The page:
Knowing how to read your blood pressure results can help you stay in control of your health, since you are the most critical member of your care team. This is some information about taking blood pressure at home and how you can use the readings to your advantage, especially if youre using Lark for coaching.
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Make Relaxation A Priority
The daily stress of work, household responsibilities and other chores can take a toll on our heart health. Chronic stress can release too much cortisol in your body, which weakens your immune system and heart muscles. Find ways to relax and unwind. That may be a stretching class, daily journaling, relaxing with a good book, catching up with an old friend or finding time to practice your faith. Make finding joy a priority. Your heart will thank you.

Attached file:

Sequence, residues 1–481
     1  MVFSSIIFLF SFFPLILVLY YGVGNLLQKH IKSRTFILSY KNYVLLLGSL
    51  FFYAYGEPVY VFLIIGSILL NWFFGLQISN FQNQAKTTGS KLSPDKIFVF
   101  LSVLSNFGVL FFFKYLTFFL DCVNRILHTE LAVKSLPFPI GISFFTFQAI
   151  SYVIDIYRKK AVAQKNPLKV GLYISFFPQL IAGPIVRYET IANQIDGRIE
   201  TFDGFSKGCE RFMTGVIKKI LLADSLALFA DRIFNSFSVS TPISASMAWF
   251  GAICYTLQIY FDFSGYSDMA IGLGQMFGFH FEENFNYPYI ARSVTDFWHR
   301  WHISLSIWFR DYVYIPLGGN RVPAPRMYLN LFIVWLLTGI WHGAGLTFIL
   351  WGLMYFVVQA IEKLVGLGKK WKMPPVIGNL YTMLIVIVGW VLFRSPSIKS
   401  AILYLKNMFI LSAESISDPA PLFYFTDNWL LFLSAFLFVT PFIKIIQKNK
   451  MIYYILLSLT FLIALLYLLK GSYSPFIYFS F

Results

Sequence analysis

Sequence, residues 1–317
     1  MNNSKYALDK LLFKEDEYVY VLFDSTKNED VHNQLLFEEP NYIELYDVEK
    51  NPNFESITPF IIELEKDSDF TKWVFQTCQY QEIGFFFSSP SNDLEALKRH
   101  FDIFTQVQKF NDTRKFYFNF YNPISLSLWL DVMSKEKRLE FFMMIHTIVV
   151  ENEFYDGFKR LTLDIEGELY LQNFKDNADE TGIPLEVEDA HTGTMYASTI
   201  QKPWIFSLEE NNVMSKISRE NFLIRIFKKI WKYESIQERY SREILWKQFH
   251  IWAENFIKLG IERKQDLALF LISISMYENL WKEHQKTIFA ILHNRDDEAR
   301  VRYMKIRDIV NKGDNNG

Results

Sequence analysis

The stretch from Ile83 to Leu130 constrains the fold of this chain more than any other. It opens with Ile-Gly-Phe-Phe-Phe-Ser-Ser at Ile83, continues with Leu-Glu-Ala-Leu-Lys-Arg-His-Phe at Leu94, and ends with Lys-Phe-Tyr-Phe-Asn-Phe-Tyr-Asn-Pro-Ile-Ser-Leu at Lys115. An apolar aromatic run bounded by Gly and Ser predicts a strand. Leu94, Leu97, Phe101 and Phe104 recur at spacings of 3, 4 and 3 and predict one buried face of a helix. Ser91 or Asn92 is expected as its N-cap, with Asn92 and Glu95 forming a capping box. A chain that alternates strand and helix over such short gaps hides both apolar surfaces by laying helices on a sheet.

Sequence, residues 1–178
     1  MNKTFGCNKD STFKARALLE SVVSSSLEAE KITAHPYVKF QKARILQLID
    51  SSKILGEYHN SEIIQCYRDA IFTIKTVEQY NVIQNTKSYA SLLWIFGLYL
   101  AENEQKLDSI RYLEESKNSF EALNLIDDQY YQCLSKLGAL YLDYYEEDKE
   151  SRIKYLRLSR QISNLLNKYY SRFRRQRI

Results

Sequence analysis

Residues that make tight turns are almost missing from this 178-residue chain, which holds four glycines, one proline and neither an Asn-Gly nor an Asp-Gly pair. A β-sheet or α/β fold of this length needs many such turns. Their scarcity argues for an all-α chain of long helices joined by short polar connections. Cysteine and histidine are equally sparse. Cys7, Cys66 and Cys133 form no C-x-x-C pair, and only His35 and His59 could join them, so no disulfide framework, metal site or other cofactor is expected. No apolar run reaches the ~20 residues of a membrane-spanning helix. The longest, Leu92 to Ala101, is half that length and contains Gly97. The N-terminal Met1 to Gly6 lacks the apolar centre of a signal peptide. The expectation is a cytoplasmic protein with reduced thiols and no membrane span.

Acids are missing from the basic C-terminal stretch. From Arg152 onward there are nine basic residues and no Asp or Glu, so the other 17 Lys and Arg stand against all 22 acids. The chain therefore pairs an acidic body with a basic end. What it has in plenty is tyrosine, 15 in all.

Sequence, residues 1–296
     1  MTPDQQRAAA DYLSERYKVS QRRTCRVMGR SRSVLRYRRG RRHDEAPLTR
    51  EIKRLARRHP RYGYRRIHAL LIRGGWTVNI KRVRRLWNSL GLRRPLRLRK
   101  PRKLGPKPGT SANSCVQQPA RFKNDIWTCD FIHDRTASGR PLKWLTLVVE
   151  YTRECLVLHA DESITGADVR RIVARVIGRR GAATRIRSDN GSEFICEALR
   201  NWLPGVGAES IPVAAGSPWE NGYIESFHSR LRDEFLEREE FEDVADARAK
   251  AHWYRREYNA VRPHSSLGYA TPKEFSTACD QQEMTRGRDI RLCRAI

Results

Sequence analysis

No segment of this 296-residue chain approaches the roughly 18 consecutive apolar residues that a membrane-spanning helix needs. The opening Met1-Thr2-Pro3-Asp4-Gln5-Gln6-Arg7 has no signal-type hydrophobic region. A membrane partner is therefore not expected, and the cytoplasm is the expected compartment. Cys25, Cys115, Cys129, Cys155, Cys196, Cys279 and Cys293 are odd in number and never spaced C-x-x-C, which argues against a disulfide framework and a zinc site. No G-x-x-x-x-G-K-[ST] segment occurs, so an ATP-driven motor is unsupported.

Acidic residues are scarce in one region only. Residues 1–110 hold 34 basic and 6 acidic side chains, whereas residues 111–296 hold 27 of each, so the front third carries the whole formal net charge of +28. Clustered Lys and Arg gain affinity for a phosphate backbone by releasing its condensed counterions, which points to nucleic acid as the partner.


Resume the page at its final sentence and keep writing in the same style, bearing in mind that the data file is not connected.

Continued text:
How To Take Blood Pressure Manually
This article was co-authored by Michael Corsilles, ND. Dr. Corsilles is a Naturopath and a Physician Assistant in Washington. He completed his Naturopathic medical training at Bastyr University in 2003, and received his Physician Assistant certification from the University of Washington in 2010.There are 12 references cited in this article, which can be found at the bottom of the page.wikiHow marks an article as reader-approved once it receives enough positive feedback. This article has 15 testimonials from our readers, earning it our reader-approved status. This article has been viewed 574,893 times.